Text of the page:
Akinori Abe (NTT Communication Science Laboratories, Japan)  observed that abduction and induction can be seen as dual to each other and can be linked together when we are in a situation of similar observations. Abductive explanations for similar observations can form suitable data for inductive generalization. He presented a framework for Analogical Abductive Reasoning and showed how when this is applied to similar observations its generated hypotheses can form good examples for generalization.
Pinar Öztürk (Norwegian University of Science and Technology) was unfortunately unable to attend the workshop and present her paper .
The second discussion complemented in some sense the first one by considering ways in which induction could be useful in abduction. One interesting possibility would be to abductively explain several observations seperately, and then to inductively generalise them into a single explanation. In this way we are extending the capabilities of an abduction system by generating explanations that are non-ground rules. From the induction perspective we are learning rules for non-observed predicates, which points at a link with descriptive induction. An important issue that came up was whether the fact that induction typically requires many observations whereas abduction proceeds from a single or few observations is at all relevant. A number of people supported the intuition that abduction deals with incomplete knowledge regarding a single situation, whereas induction extends incomplete knowledge about a class of situations. Others objected by pointing at the difficulty of defining the notion of a situation in a non-syntactic way.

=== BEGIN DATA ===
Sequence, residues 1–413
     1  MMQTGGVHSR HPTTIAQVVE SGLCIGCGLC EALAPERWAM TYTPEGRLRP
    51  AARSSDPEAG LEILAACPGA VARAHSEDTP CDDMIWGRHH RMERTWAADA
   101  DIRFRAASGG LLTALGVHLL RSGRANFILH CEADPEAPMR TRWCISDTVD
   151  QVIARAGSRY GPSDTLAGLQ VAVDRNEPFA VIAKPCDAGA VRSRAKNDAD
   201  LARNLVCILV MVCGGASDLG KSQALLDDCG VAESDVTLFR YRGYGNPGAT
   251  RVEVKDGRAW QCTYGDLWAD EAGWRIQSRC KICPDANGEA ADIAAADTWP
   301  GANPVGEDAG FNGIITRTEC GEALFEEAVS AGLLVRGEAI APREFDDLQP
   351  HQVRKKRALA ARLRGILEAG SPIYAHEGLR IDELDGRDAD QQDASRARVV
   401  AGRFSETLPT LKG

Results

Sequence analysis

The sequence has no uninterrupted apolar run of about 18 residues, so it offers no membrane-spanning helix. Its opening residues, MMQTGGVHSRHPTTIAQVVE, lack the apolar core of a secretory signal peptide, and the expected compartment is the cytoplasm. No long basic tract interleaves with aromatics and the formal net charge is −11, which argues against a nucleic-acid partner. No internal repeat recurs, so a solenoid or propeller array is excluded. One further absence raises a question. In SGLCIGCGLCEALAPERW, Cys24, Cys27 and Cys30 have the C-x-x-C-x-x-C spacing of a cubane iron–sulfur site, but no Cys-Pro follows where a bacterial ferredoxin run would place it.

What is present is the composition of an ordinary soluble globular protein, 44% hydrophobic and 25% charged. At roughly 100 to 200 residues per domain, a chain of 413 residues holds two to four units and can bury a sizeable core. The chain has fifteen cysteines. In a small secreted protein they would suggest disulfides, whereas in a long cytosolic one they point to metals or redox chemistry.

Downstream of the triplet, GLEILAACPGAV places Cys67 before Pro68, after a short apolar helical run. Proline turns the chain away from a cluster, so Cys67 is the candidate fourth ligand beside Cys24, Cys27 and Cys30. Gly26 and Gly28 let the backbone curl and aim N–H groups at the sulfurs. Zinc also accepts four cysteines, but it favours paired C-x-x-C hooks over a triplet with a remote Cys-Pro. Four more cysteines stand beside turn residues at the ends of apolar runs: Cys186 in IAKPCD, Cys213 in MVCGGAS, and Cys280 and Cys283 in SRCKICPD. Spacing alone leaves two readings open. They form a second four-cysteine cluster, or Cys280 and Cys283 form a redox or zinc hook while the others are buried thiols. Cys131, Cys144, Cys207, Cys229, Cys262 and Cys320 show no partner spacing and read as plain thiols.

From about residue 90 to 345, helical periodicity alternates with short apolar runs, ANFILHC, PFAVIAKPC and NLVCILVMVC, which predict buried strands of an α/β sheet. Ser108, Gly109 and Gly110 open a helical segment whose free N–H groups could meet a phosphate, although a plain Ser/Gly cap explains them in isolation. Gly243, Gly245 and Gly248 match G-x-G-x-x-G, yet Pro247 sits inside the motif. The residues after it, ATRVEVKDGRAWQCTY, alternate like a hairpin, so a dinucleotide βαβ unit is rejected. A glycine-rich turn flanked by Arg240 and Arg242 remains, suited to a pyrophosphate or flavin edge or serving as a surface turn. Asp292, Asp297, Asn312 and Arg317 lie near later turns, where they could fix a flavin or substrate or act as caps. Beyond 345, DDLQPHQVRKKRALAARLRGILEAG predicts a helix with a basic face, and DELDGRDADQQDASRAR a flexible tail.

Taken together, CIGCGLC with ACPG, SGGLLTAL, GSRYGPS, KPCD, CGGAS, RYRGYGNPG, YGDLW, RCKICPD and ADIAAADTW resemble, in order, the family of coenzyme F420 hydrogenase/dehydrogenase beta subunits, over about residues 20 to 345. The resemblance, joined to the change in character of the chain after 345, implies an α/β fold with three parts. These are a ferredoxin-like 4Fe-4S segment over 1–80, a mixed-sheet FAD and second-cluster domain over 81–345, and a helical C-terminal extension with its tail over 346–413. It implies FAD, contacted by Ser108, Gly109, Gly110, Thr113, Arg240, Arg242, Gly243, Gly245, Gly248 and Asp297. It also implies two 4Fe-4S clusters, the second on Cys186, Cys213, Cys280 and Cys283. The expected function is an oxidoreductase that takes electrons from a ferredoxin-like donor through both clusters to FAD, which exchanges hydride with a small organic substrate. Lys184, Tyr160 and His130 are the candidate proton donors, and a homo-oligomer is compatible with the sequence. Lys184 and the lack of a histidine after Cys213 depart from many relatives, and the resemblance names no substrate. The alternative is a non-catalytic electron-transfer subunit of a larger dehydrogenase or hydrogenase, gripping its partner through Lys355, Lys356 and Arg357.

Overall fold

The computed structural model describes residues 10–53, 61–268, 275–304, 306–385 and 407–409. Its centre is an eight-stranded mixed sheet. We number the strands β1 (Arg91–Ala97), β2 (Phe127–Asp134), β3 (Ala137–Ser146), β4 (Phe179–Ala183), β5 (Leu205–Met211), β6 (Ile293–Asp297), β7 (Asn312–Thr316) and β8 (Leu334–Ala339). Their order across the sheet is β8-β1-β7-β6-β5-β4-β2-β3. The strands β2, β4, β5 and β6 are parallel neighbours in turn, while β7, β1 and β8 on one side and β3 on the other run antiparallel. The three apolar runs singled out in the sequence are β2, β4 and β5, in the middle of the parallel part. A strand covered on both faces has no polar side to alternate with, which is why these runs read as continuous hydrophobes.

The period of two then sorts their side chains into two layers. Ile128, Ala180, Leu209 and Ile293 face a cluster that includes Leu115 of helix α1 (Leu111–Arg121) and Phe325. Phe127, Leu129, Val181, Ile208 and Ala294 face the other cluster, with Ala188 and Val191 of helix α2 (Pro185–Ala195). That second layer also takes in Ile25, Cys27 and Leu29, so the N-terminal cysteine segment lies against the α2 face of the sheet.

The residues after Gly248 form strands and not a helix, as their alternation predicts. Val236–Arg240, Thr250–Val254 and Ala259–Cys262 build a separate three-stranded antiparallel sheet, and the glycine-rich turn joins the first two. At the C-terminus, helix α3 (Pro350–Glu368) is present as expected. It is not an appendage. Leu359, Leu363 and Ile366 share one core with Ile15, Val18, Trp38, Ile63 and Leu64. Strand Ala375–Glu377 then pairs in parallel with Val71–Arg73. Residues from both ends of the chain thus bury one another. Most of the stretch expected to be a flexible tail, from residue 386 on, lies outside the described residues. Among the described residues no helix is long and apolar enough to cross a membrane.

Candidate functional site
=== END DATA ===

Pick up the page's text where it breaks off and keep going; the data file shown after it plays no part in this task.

Geert-Jan Kruijff (Charles University, Czech Republic)  pointed out the importance of novelty in abductive reasoning and argued that this forms an important criterion for comparing the two forms of reasoning. Furthermore, he distinguished the two schools of ``unification'' and ``cooperation'' for the relation of abduction and induction and argued for the latter. In particular, he argued that induction can lend further credibility to abductive hypotheses.
Peter Grünwald (CWI, the Netherlands)  argued that probability can provide a conceptual unification for the two inferences. The difference lies in the ontology of the output of the inference: abduction generates data while induction generates hypotheses (in the statistical sense). He showed how the Minimum Description Length Principle, which is frequently used as a heuristic in inductive learning, is also appropriate for abductive reasoning, thus supporting the claim that the two forms of reasoning can be unified under probability.
Pei Wang (Indiana University, USA) was unfortunately unable to attend the workshop and present his paper .
One issue that came up in the third discussion was that induction seems to do a better job in assigning credibility to hypotheses. This is not just because induction is typically based on many observations, but also because inductive hypotheses allow us to make predictions about unseen cases and verify them by cross-validation. Some participants argued against this by pointing out that also abductive hypotheses can have additional consequences that can be verified. Related discussion topics were whether and how we can use induction to increase the credibility of abductive hypotheses, and whether the selection criteria really differ for abductive and inductive hypotheses.